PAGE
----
The genetic analyses of strain V2 did not show the presence of other pathogenic markers expected and detected in S. acidiscabies species. This was an intriguing finding because both strains generated a similar pattern of crude-extract compounds by HPLC (Fig. 5).

Fyans and colleagues studied streptomycetes recovered from PCS in Newfoundland and reported some isolates related to S. europaescabiei; however, another group of isolates were not related to any plant-pathogenic Streptomyces12. Furthermore, these authors suggested that novel virulence factors may be contributing to the plant-pathogenic phenotype of these strains because of the unexpected variability of absence/presence of the already-known pathogenic markers in the evaluated strains. In our view, their independent but related work provides further evidence that there are indeed other putative novel species causing PCS not only in Canada but also – as we have proven in this study – in other regions of the world4,9,12,19,28,31,32,35. Comparative studies, both culture-dependent and culture-independent, among the most common PCS agents are certainly needed to tackle and extend our understanding of the disease worldwide4,9,12,19,22,26,29,32,35. Current studies are also on their way to properly describe strain V2 as another plant pathogenic streptomycete.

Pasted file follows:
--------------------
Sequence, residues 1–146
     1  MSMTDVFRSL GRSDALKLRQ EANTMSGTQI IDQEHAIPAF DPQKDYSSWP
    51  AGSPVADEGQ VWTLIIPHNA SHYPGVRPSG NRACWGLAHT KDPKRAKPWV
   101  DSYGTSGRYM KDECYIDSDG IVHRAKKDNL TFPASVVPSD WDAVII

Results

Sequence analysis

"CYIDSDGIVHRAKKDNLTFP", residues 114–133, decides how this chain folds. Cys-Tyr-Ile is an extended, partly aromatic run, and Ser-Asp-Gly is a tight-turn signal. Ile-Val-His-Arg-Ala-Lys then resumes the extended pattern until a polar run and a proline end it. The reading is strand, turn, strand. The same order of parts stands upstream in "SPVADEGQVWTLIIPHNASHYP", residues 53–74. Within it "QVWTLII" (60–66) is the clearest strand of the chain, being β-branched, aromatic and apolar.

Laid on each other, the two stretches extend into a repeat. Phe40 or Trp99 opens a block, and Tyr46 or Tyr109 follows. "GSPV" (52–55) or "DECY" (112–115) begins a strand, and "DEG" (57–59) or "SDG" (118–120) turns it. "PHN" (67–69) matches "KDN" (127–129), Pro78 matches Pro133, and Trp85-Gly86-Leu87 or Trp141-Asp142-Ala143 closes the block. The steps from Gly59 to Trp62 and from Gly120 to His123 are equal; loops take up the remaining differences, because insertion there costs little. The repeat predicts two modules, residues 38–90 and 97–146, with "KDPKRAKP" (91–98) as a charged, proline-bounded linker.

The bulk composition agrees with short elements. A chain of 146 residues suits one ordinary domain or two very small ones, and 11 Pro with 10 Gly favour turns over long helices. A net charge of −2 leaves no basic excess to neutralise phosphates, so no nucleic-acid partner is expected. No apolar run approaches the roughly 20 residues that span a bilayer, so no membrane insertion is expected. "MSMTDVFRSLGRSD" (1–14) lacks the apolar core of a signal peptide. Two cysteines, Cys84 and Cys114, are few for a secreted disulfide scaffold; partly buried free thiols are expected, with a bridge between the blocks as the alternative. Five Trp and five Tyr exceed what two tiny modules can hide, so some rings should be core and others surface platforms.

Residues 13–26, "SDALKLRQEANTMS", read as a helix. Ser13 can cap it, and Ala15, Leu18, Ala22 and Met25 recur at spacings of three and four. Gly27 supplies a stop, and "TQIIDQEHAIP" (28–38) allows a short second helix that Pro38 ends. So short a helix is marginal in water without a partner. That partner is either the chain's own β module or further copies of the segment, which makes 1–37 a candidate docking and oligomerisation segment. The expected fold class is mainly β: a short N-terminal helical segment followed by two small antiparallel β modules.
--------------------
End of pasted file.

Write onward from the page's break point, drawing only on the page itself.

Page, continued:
Conflict interest

The authors declare that they have no conflicts of interest.

Acknowledgments

AAV acknowledges a Ph.D. Scholarship 246635 from Consejo Nacional de Ciencia y Tecnología CONACYT, with international mobility at Universidad de Salamanca-USAL (CONACYT Becas Mixtas-2015) and Scholarship from Beca de Estímulo Institucional de Formación de Investigadores BEIFI-IPN (SIP-IPN 20130387-20160295). ETQ acknowledges IPN grants SIP 20160295, SIP20170432 and CONACYT C-291045.86/SIP-2016-RE/046. Authors are grateful to Prof. Rosemary Loria (Department of Plant Pathology, University of Florida, Gainesville USA) for providing S. acidiscabies.